Did you watch the Tiger Woods documentary?
Do you day-dream about effortlessly shape-shifting into the person or company that you enviously want to be, but are not today? Michael Jordan, Sequoia, Usain Bolt, Adele, SnowFlake, Jay Z, Brian Chesky, a Kardashian, Mark Cuban, DoorDash, Whitney Wolfe, Zuckerberg, Cristiano Ronaldo, Jennifer Hyman, Andreesen, Tesla, Conor McGregor, or insert your unicorn here _______________.
The Tiger documentary does a great job shedding light on the complexity of his life…the monotonously repetitive hard work of swing after swing, the layers of callous building to create an impervious killer mindset, the hardships and tremendous shortcomings of an imperfect character, the life experiences missed out on as a result of a relentless pursuit of excellence, and the web of complexity that ‘being Tiger’ must be. Surely he wanted to be the best. But beyond that, what’s strikingly clear is just how obsessed he was with taking on the day-to-day, heads down, GRIND, in his pursuit of being the best. The struggles and setbacks and breakthroughs, followed by even greater setbacks along his journey. And in almost scripted tragic fashion, the looming existential fear that despite a life of work, he may still never become the unequivocal ‘best’, https://www.golfnews.co.uk/news/the-top-10-greatest-golfers-of-all-time/.
We get wrapped up in illusions of who/what we want to wake up as if we just clicked our heels together…faster, fitter, more famous, the founder of a unicorn startup, rubbing elbows with famous people, etc. I have no issues with aiming high, we all should. But it is a cancerous problem when the illusion interferes with and distracts from the mission-critical day-to-day GRIND of solving critical problems that are right in front of your nose.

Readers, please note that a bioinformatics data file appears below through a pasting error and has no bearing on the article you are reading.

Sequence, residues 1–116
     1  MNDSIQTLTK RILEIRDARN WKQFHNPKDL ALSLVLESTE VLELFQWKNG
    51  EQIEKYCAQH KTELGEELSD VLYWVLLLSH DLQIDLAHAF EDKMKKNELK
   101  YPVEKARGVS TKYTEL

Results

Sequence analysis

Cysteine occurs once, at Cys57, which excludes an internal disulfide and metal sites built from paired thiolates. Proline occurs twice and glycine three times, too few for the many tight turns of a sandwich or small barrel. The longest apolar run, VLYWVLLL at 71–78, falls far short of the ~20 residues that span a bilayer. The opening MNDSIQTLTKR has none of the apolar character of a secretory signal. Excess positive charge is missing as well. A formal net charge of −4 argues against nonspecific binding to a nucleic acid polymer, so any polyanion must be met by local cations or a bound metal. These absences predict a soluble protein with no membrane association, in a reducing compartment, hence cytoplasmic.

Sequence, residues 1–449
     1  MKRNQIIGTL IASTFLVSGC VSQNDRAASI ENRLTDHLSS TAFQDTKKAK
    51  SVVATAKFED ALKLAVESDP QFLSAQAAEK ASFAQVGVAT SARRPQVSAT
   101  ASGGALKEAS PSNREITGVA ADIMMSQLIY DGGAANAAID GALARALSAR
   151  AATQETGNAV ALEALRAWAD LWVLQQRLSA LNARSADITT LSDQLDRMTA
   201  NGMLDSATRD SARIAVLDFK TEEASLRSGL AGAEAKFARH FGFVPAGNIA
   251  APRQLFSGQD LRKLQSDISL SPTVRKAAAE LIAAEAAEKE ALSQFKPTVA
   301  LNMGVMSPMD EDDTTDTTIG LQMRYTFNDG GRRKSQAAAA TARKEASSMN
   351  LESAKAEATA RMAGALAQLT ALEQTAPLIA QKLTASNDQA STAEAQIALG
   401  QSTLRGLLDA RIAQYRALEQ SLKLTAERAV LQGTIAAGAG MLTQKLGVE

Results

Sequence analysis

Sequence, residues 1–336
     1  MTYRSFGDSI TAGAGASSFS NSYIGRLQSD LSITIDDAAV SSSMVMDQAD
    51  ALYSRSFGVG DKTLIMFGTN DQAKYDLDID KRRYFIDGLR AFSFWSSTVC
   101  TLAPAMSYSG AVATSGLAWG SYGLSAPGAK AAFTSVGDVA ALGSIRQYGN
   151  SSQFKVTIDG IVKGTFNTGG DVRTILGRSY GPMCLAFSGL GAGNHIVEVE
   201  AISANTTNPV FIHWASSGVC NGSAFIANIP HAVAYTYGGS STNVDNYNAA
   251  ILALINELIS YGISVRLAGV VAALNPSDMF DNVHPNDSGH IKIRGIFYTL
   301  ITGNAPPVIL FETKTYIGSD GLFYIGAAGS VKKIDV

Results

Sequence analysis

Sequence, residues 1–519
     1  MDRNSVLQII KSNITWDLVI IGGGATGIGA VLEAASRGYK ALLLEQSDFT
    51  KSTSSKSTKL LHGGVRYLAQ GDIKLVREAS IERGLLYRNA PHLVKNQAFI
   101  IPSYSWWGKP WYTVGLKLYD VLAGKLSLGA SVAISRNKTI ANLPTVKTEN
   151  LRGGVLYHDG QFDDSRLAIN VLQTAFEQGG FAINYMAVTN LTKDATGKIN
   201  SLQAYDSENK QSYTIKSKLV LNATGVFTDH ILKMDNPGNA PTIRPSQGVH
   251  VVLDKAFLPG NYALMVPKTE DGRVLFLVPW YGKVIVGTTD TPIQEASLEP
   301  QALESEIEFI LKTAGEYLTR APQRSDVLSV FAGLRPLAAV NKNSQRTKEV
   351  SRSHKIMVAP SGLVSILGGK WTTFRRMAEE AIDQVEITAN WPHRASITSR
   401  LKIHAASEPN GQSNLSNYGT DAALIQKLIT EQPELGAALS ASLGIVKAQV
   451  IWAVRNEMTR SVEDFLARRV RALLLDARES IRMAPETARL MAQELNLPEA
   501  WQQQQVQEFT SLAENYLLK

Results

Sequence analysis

To bring this to life in the early-stage company-creation arena, we hear a common refrain which goes like this, “if we just do X,Y, and Z we will raise our Series A with a top-tier VC”…and “XYZ” usually takes the form of simple activities (😉) such as growing sales dramatically, increasing conversions, reducing churn, increasing usage of the product/service, improving margins, etc. All totally fine provided your next reaction is going right back into the gauntlet of improving your product, discovering as much as possible about your customers’ needs, finding important facts and key insights, potentially scrapping everything you love but the market hates, listening to hard feedback that may not accord with personal beliefs, and testing things that may totally fail on arrival. ‘XYZ’ are some of the hardest things you will ever do in life. But too often we meet founders who’s entire world revolves around the latter part of the statement, “we will raise our Series A with a top-tier VC”, and the result is they overlook the glaring problems staring them right in the face. Problems that HAVE to be solved first in order to move further down the road on the journey to the promised land. Problems and challenges that are ‘do not pass go’ kinds of issues.
Tiger dreamed big, but executed even more ferociously. He was flawed and his actual journey was complicated, painful, unglamorous at times, humiliating and surely not expected. He wanted to be ‘the best’, but was even more consumed with a constant (and ephemeral) pursuit of perfection, getting better, improving his swing, practicing, strength training, observing his mindset, changing his swing, overcoming debilitating injuries, coping with losses and more. You cannot click your heels together and magically arrive. You may never arrive. You may arrive at a place you never intended. It may still be a pretty damn good place…it may not.
But you have to get your mind off of the fairytale story. Off of the ‘and then we’ll get to our Series A, B,’ etc. You often have to keep your head down more than up, especially in the early innings. Less dream, more drive. This is the un-read script to the unglamorous side of the story behind so many of our idols. What will the untold documentary of your life actually look like?
-Wills Hapworth, TIA Ventures